SQL Server Immersion Events are coming up in August. I deal with two different groups of people, developers and DBAs, on a variety of topics. When it comes to the specialized SQL Server topics (like SQLCLR, SQLXML, Service Broker, etc), I though that it would be best to address the seperate groups, each with a different focus. And I've been asked "what's the difference" in coverage? Both groups may have input into feature usage, so they both want to know WHAT it is they are dealing with for planning purposes. And both want to know "how do you make it run fast"? That's where the similarity ends.

Developers want the know how to program using a feature and learn about the use cases where it makes sense.  Does it have it's own non-SQL language (like .NET or XQuery)? And how do I program that, what is the new syntax, new DML statements? Where do I look if I don't get the "right answer"? When is it best to use this feature as opposed to rolling my own equivalent in SQL? Does an equivalent in SQL even exist? How is this feature exposed within SQL (i.e. full-text CONTAINS, etc) and do these predicates, TVFs, etc, work well with other SQL constructs? Are there special constructs in the APIs I use, like ODBC or ADO.NET?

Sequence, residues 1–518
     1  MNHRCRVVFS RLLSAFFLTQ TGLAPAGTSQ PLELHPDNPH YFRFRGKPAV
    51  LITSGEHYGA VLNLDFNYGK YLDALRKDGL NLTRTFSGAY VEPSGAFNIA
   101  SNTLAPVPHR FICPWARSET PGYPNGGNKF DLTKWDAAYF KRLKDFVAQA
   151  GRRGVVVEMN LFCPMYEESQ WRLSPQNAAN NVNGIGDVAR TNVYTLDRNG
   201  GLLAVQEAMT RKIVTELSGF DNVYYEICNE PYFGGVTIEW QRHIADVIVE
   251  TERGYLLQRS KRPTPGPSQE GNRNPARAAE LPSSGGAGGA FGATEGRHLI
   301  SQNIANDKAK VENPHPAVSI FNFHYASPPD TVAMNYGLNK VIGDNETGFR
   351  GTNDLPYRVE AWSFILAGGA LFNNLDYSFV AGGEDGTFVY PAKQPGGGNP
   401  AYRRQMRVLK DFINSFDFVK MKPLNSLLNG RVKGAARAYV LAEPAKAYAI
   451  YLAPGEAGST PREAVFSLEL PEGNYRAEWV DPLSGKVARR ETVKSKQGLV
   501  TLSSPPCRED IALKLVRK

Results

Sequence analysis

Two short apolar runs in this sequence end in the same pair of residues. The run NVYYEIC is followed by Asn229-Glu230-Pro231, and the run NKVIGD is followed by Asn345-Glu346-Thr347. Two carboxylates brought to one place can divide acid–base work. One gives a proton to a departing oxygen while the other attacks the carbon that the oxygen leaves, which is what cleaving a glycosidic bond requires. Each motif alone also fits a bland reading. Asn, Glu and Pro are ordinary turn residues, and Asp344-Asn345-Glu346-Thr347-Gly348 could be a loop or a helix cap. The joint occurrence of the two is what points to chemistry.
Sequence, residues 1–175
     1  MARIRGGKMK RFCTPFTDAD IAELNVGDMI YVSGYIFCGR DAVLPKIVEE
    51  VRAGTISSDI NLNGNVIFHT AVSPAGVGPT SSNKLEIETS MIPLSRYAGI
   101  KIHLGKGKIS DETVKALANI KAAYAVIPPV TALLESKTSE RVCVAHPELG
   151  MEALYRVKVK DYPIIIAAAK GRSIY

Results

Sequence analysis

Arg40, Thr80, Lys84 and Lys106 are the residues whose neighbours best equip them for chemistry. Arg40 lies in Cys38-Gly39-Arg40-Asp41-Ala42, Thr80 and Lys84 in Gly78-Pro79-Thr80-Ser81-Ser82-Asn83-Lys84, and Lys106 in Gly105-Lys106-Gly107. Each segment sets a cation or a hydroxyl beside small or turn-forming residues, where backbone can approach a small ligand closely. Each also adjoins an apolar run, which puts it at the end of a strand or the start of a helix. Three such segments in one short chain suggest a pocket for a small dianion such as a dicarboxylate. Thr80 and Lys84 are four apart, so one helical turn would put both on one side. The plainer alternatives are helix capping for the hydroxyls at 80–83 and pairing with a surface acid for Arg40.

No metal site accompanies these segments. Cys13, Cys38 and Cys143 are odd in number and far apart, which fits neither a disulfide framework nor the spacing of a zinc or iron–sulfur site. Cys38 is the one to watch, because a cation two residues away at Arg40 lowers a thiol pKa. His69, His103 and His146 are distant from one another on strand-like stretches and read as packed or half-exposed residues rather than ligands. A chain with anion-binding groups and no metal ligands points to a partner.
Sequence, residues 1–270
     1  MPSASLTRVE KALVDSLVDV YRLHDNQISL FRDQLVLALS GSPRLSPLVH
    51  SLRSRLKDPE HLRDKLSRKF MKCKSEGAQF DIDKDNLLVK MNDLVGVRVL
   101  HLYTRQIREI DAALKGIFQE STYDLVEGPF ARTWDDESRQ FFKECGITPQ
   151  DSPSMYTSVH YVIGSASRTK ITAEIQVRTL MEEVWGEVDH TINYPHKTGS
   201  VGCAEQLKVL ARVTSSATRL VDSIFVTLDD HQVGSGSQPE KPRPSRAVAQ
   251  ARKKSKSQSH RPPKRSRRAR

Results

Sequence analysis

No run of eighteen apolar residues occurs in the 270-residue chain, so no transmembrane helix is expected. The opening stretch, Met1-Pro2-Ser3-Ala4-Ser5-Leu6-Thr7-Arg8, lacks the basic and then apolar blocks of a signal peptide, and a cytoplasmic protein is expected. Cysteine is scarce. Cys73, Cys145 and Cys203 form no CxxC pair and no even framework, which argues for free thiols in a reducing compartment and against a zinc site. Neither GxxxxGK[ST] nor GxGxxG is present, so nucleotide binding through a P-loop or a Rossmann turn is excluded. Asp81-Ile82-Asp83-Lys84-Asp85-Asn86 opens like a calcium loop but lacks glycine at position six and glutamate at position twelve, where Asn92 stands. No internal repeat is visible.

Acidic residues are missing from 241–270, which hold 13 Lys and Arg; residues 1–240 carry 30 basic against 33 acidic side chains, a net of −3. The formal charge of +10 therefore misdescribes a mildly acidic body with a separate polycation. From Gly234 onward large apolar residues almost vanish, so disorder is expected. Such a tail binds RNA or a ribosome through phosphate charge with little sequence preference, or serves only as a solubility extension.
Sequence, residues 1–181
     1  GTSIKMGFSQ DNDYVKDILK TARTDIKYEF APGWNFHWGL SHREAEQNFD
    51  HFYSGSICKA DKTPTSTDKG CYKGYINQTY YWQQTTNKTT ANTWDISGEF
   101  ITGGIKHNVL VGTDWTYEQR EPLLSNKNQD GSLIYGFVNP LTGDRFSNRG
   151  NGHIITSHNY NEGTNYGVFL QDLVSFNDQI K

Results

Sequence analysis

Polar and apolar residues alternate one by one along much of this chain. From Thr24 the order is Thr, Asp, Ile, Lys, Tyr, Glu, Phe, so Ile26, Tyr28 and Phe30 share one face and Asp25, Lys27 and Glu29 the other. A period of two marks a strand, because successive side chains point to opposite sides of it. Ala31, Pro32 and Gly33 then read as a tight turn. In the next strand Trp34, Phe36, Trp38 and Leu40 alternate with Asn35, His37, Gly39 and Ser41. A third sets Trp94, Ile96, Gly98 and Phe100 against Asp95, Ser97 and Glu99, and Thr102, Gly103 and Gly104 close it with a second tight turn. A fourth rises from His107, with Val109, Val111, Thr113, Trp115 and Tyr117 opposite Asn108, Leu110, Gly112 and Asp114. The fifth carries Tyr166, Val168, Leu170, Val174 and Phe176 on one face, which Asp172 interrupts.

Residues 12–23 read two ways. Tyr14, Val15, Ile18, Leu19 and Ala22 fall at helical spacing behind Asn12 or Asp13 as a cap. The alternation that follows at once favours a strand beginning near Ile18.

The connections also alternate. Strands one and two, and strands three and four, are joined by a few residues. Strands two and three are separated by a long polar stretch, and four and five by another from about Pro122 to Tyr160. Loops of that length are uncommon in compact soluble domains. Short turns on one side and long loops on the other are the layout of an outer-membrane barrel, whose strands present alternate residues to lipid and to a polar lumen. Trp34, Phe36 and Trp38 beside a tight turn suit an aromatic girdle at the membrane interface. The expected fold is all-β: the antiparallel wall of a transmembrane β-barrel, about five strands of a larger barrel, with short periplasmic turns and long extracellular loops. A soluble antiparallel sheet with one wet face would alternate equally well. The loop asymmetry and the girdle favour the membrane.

DBAs want to know how a feature affects a running server, and special considerations for backup/restore/reorganization and capacity planning. They look at a feature and think, how much disk space does this use and how much memory? What does the DDL look like? Are there new database objects, especially indexes? How about DMVs, metadata, trace events, and performance monitor counters to troubleshoot when things go wrong? What are the security repercussions?

That's why I've divided the topics more-or-less in two for the Immersion Events. IEDev is all about development, where IE4 covers some of the same topics for the more administratively inclined. Each one contains additional topics of interest to the corresponding group.

Hope this clears things up…

@bobbeauch